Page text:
The dollar index closed very late in New York on Thursday evening at 98.51 — and opened down about 8 basis points once trading commenced around 7:45 p.m. EDT on Thursday evening, which was 7:45 a.m. China Standard Time on their Friday morning.  From that point it wander unevenly higher until around 9:50 a.m. in London — and then wandered lower until the 98.41 low tick was set at precisely 10 a.m. EDT…the afternoon gold fix in London.  Then away it went to the upside, with the 99.02 high tick coming at 1:45 p.m. in New York…fifteen minutes after the COMEX close.  It was all down hill from there — and although the DXY chart shows that it closed at 98.81…it was marked up 11 basis points — and was officially closed at the 98.92 mark…up 41 basis points from Thursday’s close.

The precious metals were following their own drummer yesterday — and when it became obvious that they weren’t going to decline on that big dollar index ‘rally’, they were guided in that direction by the powers-that-be.  Then their rallies on the dollar decline after 1:45 p.m. EDT were also nipped in the bud before they could fully reflect the continuing fall in the dollar index going into the 5:30 p.m. close.

Here’s the DXY chart, courtesy of Bloomberg — and the ‘rally’ that began at the afternoon gold fix in London is the stand-out feature.  Click to enlarge.

And here’s the 5-year U.S. dollar index chart, courtesy of the folks over at the Internet site.  The delta between its close…98.86…and the close on the DXY chart above, was 6 basis points on Friday.  Click to enlarge as well.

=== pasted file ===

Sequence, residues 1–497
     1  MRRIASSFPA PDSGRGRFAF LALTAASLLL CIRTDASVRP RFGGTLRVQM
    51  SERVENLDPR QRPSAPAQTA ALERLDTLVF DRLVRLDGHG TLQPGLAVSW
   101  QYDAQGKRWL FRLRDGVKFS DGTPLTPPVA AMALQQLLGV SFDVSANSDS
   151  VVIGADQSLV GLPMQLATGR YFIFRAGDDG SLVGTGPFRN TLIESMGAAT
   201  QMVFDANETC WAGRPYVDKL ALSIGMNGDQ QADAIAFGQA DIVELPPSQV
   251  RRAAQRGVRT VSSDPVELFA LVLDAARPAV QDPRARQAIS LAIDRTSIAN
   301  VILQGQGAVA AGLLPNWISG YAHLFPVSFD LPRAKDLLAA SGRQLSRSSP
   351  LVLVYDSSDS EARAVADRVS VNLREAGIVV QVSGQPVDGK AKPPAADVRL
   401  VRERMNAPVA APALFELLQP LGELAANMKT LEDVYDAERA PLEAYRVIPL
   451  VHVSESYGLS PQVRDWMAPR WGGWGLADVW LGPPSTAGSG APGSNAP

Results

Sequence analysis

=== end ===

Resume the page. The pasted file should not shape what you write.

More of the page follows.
The gold shares opened down a bit once trading began at 9:30 a.m. in New York on Friday morning — and after a bit of a roller coaster ride sideways, they managed to close in the green by a bit.  That’s rather amazing considering the closing price of gold on Friday. The HUI closed higher by 0.45 percent…so it’s obvious that bottom-fishing buyers were out and about in force yesterday, scooping up everything that John Q. Public was mindlessly dumping.

That price pattern in the silver equities was more positive, as they spent most of the Friday trading session in positive territory — and turned higher on a dime the moment that the dollar index topped out at 1:45 p.m. in New York.  Nick Laird’s Intraday Silver Sentiment/Silver 7 Index closed up 1.07 percent….helped no doubt by the fact that the underlying precious metal closed in positive territory.  Click to enlarge if necessary.

And here’s Nick’s 1-year Silver Sentiment/Silver 7 Index chart, updated with Friday’s doji.  Click to enlarge as well.

Here are the usual three charts from Nick that show what’s been happening for the week, month — and year-to-date. The first one shows the changes in gold, silver, platinum and palladium for the past trading week, in both percent and dollar and cents terms, as of their Friday closes in New York — along with the changes in the HUI and the Silver 7 Index.

Here’s the weekly chart — and except for the gold price, it’s green bars across the board.   Platinum and palladium outperformed everything — and the silver equities continue to underperform.  But as I’ve pointed out earlier this week, its two of Nick’s stocks in the Silver 7 chart that are underperforming badly…Buenaventura and Peñoles.  Click to enlarge.

Here’s the month-to-date chart — and the big sell-offs in both gold and silver earlier this month took their toll on the performance of everything over this time period.  The gold stocks are outperforming their golden brethren, but not by the amount they should be — and continuing suppression of the silver price — and the ongoing underperformance of Buenaventura and Peñoles is certainly more obvious in this chart. Click to enlarge.

Here’s the year-to-date chart — and JPMorgan et al.’s near death grip on the silver price is readily apparent in its lack-lustre price gains relative to gold — and in the underlying values of the associated stocks as well.  That will certainly change at some point — and when it does, it will happen in a hurry.  Click to enlarge.